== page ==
Actress would talk about personal responsibility


alt

Bree Turner stars in NBC’s drama series “Grimm” as Rosalee Calvert, an apothecary Fuchsbau who returns to Portland after her brother’s death to run his shop. Last year, Turner appeared in the feature films “Jewtopia” and “Smashed,” the latter having premiered at the Sundance Film Festival. In 2009, she starred in “The Ugly Truth” along with Katherine Heigl and Gerard Butler. She also co-starred with Lindsay Lohan in “Just My Luck.” Her recent television credits include “The Mentalist,” “Raising Hope,” “The Wedding Band,” “Rules of Engagement,” “The Ghost Whisperer,” “Masters of Horror” and “Cold Case.” 

Born and raised in Northern California, Turner came to Southern California to attend UCLA and actively pursue dance and acting. She worked as a professional dancer for seven years appearing in such movies as “My Best Friend’s Wedding,” “The Big Lebowski” and “Austin Powers.” She was also featured in the iconic “Gap Country” dance commercials and was a backup dancer with Cher American Music Awards, choreographed by Kenny Ortega. Bree also studied abroad at King’s College in London. She currently resides in Los Angeles with her husband and two children. 

ROBIN BRONK: If you had five minutes in the Oval Office with President Obama, what would you discuss with him? What issue would you like him to know about?

Bree Turner: Let’s discuss how we can help people who cannot help themselves and at the same time bring back an understanding of personal responsibility in this country.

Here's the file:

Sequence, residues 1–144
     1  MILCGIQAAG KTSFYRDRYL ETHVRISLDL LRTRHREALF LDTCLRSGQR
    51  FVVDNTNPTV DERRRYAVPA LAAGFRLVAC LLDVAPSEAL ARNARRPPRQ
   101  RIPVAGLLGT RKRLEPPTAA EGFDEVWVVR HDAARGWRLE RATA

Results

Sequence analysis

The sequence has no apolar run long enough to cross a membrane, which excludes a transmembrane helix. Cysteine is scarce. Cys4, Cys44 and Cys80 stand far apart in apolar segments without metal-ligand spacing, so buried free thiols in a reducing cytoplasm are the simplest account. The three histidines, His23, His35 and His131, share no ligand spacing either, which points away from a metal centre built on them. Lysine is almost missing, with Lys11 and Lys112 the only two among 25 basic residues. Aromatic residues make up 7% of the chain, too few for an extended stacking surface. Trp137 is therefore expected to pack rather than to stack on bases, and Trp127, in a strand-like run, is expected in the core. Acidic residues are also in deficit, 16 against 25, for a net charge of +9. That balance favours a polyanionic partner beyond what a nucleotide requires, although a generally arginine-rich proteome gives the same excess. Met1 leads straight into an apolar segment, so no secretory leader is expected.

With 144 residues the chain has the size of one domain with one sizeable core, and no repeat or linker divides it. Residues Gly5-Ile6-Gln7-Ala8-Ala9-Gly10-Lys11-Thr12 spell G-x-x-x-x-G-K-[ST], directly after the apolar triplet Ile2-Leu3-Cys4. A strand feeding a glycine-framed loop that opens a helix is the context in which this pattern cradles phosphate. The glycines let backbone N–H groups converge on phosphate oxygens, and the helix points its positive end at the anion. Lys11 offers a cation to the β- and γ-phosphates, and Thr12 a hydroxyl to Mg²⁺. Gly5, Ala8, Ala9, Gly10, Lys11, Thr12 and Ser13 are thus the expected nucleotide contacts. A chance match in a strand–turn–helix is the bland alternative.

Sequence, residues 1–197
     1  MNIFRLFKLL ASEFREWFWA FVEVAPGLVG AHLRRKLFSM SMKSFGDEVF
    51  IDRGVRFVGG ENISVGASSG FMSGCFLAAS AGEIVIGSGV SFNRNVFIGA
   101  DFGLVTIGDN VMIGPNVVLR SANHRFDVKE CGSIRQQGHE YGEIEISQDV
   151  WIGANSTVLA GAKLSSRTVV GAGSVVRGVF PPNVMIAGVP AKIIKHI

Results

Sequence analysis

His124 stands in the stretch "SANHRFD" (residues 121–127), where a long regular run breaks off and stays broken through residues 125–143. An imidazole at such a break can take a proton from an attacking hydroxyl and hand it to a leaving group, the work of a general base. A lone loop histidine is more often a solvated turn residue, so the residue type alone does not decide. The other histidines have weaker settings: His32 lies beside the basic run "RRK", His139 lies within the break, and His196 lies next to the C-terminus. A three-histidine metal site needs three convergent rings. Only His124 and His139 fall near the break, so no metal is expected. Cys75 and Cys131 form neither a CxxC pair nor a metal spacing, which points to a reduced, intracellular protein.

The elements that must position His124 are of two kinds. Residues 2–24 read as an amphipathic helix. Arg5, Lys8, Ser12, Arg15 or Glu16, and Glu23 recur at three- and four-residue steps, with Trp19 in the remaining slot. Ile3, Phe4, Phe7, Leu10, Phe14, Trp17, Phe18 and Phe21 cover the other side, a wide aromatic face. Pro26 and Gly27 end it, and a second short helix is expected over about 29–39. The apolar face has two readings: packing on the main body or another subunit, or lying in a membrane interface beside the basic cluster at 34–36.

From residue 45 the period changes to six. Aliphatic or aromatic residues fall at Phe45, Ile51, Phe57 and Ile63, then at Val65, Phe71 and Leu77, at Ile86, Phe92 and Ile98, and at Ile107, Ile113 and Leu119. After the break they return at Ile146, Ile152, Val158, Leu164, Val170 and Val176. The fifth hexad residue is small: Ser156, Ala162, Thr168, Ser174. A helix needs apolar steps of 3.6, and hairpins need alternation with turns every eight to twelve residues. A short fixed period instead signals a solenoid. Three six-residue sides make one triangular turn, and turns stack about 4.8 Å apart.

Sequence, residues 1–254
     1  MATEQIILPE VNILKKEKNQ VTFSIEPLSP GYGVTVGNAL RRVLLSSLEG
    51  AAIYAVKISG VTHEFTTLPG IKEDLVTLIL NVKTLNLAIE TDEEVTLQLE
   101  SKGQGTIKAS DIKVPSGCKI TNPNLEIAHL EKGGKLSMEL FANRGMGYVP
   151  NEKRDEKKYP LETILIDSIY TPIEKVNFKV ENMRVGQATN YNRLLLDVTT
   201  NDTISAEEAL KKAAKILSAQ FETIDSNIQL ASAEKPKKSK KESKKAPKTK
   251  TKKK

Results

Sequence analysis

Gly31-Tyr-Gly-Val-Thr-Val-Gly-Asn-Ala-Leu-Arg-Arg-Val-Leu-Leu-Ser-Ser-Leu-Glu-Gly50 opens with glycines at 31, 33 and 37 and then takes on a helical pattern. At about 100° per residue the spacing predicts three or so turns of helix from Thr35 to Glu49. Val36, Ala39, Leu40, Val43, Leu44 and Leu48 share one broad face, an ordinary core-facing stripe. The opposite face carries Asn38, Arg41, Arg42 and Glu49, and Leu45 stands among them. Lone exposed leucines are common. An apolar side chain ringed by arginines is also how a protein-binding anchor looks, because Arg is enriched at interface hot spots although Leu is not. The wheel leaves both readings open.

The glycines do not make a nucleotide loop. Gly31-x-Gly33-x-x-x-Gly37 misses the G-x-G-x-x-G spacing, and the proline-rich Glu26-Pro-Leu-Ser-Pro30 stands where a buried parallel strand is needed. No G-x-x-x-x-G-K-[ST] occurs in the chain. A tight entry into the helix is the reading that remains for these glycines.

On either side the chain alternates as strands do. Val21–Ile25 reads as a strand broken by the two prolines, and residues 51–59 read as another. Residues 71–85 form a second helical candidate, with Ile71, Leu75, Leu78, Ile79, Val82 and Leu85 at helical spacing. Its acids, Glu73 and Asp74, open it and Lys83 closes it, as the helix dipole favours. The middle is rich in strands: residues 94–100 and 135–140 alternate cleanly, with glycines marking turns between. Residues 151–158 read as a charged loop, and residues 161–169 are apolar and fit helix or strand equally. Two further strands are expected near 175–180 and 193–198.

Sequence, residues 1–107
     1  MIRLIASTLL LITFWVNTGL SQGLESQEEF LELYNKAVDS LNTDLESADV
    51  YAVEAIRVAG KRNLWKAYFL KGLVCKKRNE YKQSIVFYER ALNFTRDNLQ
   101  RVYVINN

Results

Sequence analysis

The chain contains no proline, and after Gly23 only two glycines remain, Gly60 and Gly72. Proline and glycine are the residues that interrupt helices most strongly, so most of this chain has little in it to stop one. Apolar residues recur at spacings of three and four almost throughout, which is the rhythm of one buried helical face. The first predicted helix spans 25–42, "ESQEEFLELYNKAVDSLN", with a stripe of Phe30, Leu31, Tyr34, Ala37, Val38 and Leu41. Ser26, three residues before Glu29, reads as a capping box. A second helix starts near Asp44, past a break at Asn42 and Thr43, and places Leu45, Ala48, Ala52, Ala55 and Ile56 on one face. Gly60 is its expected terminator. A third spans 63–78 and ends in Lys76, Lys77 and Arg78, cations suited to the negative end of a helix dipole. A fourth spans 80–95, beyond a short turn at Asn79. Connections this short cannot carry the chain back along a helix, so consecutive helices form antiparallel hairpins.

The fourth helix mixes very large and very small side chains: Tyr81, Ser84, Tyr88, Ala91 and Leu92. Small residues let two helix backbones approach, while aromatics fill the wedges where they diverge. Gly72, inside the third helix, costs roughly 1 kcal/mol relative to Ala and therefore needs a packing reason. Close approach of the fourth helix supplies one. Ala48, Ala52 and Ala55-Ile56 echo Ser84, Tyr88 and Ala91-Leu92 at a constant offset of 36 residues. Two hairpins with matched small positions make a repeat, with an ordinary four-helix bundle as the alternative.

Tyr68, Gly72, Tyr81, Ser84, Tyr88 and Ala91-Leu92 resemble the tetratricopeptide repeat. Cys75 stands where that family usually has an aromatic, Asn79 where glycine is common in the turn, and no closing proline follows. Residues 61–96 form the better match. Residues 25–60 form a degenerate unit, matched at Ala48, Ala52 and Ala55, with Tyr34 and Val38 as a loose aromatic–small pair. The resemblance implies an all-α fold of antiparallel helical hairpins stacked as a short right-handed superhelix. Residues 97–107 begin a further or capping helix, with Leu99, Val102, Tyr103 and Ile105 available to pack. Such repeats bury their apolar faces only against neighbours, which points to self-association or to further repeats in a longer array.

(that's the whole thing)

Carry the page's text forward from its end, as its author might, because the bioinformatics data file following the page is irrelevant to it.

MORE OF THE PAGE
RB: If you could ask the president one question, what would that be?

BT: When you are relaxing, perhaps on one of your scheduled vacations, can you truly ever turn your brain off? (The largest part of me hopes not!)

RB: What piece of advice would you give President Obama?

BT: My advice for the most stressful job in the world: meditate daily! 

RB: If you were going to send the president to one of your favorite places in the United States for one day, where would that be? Why?

BT: A playground to watch children play, laugh, create and run with reckless joy. All decisions really need to be about protecting them and building a future for them to lead.

RB: What CD would you recommend that the president add to his collection? Why?

BT: The Band of Strangers’s “When the Light Gets In.” It’s the perfect road trip album. 

RB: Would you ever consider a political career?

BT: I don’t think I’d enjoy the pressure of being president, but I would love to serve on one of his/her strategic committees. 

Robin Bronk is CEO of The Creative Coalition — the leading national, nonprofit, nonpartisan public advocacy organization of the entertainment industry. Bronk is a frequent speaker on the role of the entertainment industry in public advocacy campaigns and represents The Creative Coalition and its legislative agenda before members of Congress and the White House. She produced the feature film “Poliwood,” airing on Showtime, and edited the recently published book Art & Soul. Bronk pens this weekly column with assistance from Risa Kotek.